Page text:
Mark #29 —

The current issue of Mark brings yet another rich feast of many courses; from the hottest young talent and ‘imagebytes’ of new and interesting structures popping up around the world to the latest object building projects of the heavyweights. In the case of the latter, for example, the ubiquitous Zaha Hadid design for the new Opera in Guangzhou is explained by the practice’s Simon Yu. Overlooking the Pearl River and taking its natural undulating form from nature, one can’t but help immediately understand exactly why Hadid remains one of the most in-demand architects for creating an iconic statement public building.

Nature is also a key feature of the stunning ‘suspended’ hotel in northern Sweden that has literally wrapped six mirrored cube guest rooms around the trunks of trees, hovering above the forest floor. Clearly in this case nature is a encompassing reflection rather than the form. Shonquis Moreno’s article is accompanied by the stunning imagery of the geometric rooms that reflect each facet of the forest in all directions, a hard-edged manmade edifice floating as light as air within the pines; pure sci-fi imagery.

And for those who prefer their architecture with more human features, there’s Sergio Pirrone’s highly personal insider’s take on zipping around Venice during the architectural world’s key biennale.

    Mark #29 –
    December 2010 224 Pages 0 Minutes of audio 0 Minutes of video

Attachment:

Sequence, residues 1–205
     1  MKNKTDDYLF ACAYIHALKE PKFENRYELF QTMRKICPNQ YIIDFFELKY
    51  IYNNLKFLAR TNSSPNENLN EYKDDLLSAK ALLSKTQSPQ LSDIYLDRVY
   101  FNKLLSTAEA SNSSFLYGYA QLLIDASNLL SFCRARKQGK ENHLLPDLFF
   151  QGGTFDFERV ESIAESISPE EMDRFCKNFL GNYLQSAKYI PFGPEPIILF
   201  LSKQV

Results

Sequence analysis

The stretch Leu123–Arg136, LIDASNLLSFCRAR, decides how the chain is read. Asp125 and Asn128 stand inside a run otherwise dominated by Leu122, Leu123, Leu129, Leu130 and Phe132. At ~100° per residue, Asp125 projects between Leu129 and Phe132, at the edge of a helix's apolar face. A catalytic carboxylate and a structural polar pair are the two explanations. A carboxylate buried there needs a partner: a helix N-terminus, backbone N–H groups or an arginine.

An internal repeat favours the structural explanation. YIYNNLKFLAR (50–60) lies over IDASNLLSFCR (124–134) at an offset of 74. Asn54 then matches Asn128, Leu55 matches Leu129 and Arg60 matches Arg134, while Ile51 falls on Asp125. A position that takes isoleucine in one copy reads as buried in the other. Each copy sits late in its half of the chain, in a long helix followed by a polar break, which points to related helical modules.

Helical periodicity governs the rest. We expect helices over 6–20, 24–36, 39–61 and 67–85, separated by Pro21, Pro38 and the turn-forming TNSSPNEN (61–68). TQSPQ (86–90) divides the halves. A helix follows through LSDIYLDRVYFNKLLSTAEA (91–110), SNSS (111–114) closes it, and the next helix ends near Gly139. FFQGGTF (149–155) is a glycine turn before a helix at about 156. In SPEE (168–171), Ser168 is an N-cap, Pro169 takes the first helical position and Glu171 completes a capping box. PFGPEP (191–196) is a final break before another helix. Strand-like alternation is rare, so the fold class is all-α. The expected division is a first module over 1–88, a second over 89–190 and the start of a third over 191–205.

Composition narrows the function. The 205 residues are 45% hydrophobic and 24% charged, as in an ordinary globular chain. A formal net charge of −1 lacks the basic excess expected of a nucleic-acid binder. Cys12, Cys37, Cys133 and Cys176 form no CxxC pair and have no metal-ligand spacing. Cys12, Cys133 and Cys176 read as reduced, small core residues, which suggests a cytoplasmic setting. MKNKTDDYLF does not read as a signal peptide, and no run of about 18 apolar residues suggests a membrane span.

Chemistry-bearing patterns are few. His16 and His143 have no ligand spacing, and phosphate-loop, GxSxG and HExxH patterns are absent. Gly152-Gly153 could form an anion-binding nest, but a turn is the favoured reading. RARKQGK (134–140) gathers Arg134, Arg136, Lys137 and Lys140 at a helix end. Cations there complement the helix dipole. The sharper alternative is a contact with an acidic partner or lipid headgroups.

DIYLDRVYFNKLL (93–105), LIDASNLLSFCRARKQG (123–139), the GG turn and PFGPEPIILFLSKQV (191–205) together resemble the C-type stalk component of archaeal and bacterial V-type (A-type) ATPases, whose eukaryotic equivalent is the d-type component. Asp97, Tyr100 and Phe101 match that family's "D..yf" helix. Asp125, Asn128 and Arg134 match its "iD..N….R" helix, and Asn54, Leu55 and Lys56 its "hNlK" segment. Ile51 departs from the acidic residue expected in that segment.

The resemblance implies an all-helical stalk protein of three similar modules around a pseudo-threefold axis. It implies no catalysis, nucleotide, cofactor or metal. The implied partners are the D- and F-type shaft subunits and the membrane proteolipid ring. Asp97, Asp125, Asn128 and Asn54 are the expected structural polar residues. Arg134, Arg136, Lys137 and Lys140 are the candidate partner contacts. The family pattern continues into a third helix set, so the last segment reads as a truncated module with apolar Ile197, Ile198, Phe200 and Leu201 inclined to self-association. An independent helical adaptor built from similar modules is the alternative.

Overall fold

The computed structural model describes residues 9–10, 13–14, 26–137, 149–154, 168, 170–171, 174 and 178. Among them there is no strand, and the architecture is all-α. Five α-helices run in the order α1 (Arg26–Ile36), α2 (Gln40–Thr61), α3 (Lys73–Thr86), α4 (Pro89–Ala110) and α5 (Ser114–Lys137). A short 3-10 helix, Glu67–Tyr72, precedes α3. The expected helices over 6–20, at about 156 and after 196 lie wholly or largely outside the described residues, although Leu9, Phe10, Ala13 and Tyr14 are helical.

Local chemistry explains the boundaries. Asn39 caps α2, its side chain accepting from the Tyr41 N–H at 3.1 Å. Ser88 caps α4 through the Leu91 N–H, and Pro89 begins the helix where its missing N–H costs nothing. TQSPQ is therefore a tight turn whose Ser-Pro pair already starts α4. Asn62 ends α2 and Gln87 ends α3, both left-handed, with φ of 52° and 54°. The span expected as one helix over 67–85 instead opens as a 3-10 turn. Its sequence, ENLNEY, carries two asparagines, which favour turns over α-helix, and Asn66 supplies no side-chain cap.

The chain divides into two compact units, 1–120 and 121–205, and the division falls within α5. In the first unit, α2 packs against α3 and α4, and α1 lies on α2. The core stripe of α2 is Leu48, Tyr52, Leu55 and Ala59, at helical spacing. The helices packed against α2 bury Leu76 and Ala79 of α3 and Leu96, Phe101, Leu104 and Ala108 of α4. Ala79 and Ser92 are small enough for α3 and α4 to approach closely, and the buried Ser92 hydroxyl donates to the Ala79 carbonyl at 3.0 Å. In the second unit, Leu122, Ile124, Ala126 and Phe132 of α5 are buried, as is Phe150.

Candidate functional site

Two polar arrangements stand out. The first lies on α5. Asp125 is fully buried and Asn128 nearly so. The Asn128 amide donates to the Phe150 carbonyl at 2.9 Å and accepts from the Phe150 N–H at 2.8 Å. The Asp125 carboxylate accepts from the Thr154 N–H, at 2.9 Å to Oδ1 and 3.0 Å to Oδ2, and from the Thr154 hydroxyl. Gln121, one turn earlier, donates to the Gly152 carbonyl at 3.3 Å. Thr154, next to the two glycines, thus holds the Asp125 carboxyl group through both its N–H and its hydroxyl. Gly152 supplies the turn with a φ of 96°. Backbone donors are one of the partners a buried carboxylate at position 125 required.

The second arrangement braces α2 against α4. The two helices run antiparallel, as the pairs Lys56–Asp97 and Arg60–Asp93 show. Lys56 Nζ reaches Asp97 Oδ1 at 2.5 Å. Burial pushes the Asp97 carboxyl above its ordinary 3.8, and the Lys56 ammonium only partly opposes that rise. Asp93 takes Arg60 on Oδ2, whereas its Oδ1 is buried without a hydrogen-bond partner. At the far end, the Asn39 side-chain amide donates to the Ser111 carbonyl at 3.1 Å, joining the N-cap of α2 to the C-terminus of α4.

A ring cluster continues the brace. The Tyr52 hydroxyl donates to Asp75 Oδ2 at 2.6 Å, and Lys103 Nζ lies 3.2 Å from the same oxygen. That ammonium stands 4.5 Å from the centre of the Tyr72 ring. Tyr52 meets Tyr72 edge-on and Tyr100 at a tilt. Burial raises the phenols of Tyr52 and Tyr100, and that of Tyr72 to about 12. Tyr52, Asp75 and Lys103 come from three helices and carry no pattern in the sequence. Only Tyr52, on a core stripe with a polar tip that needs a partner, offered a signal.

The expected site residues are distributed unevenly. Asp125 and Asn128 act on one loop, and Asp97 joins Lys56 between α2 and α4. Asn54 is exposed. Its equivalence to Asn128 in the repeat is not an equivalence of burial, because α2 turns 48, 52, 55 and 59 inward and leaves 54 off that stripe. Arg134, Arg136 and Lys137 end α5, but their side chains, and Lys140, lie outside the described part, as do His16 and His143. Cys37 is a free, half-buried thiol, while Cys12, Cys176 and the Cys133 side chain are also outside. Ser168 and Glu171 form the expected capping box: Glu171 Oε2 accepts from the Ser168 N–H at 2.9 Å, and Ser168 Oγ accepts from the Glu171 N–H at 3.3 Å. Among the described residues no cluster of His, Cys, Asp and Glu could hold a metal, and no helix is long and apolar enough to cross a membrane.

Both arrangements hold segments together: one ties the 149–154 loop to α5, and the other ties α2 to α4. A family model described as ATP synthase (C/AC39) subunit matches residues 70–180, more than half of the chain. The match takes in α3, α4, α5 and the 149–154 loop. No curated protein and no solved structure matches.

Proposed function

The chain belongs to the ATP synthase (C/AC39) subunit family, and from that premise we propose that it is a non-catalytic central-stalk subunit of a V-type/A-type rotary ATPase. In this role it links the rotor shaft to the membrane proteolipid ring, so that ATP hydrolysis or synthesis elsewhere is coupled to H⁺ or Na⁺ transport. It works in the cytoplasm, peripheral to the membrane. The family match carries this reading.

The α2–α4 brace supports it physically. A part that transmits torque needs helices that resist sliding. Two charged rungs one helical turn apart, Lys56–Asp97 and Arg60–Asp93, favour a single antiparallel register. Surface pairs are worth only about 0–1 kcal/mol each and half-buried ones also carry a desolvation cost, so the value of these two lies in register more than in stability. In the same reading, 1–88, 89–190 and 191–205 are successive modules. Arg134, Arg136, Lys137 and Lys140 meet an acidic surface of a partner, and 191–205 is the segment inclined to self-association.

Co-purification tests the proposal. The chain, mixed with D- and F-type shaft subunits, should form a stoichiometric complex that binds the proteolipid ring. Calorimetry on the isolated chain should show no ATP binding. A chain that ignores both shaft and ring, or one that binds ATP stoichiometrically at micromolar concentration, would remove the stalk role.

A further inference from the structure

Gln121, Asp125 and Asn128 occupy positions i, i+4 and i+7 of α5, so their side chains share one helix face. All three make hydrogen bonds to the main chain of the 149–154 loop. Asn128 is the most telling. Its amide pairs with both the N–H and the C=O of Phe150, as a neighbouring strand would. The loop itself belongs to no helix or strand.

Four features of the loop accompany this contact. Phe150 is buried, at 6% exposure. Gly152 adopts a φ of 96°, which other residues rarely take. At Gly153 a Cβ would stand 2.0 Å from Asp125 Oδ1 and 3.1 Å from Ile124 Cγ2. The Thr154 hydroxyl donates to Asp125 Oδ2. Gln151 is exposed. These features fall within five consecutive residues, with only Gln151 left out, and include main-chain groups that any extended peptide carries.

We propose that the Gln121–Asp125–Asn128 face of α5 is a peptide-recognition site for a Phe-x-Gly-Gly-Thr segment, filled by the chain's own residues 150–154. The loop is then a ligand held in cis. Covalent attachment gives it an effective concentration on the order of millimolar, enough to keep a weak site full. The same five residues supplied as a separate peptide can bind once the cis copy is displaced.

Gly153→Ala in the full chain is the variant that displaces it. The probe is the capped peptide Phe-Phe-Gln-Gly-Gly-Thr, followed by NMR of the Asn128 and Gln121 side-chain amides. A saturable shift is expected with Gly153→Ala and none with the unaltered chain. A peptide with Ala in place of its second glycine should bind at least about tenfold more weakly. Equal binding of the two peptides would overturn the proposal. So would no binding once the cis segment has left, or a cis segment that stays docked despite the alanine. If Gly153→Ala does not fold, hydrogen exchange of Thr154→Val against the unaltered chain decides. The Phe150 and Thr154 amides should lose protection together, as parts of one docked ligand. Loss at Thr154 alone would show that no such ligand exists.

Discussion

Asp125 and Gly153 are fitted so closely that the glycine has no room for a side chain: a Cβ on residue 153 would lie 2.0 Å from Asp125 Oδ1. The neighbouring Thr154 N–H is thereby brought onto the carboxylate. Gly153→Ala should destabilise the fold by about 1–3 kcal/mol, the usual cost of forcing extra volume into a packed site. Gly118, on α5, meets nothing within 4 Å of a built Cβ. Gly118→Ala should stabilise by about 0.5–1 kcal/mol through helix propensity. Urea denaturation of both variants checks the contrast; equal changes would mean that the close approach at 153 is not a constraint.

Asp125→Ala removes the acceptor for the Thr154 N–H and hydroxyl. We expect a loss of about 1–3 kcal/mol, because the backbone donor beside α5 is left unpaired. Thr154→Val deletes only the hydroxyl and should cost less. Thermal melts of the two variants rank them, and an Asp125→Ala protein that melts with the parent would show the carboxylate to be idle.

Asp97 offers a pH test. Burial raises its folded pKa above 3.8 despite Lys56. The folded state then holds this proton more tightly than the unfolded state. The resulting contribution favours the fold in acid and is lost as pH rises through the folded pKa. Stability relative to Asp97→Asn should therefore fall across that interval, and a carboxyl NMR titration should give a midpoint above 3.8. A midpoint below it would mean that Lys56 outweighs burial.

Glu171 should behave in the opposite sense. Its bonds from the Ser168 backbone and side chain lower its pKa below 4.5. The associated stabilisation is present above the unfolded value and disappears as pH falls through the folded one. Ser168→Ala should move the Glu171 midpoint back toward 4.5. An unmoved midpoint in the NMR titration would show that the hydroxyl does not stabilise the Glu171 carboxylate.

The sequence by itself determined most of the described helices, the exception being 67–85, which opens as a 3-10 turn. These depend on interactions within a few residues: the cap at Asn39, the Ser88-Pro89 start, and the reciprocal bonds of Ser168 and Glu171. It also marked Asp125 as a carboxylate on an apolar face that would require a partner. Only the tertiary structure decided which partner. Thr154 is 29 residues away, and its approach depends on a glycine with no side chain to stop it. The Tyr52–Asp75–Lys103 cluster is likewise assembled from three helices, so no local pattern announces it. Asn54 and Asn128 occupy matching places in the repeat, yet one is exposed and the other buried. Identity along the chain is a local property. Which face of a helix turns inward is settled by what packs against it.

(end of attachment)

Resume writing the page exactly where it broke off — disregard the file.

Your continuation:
In This Issue –
    MMBB Andres Jaque Chuck Hoberman Nina Libeskind 8 House By BIG Guangzhou Opera By Zaha Hadid Jewish Centre By Manuel Herz Wing House By David Hertz Open School y LOT-EK Middelfart Savings Bank by 3XN
    Creative Director –
    Mainstudio, Edwin van Gelder
    Editor In Chief –
    Robert Thiemann
    Art Director –
    Mainstudio, Edwin van Gelder
    Mark - Mark #29  Mark - Mark #29  Mark - Mark #29  Mark - Mark #29  Mark - Mark #29  Mark #29  Mark - Mark #29

Our Take —

Mark Magazine is the much-lauded international magazine on contemporary architecture that has added a particular vision and opinion to the international architecture perspective. Published out of the Netherlands, it’s no surprise that Mark – which has been going for a number of years now- reflects certain sensibilities for which Dutch contemporary architecture is internationally known: it’s stark, unapologetically contemporary and offers up architectural design solutions that often pay little attention to orthodoxy and convention. Perhaps this is best summed up in its own strap line of ‘another architecture’.

With a bold and crisp art direction, Mark is one of those magazines that certainly makes what the name promises. It is instantly attractive and easily navigated, despite actually managing to get a whole lot of information and imagery into each and every issue. And, whilst the contributions and commentary always include highly respected voices from the world of professional and academic architecture, one of the great successes of Mark is that it extends the Dutch understanding of architecture into the international arena, namely that architecture is a social phenomenon that engages all members of society. This manifests itself in the form of an editorial vision that intrinsically understands that contemporary architecture has many fans and an actively engaged audience beyond professional architects. Thus, it is an intelligent yet accessible title that has broad appeal and proves rewarding reading to almost anyone with an interest in architecture and the built environment.

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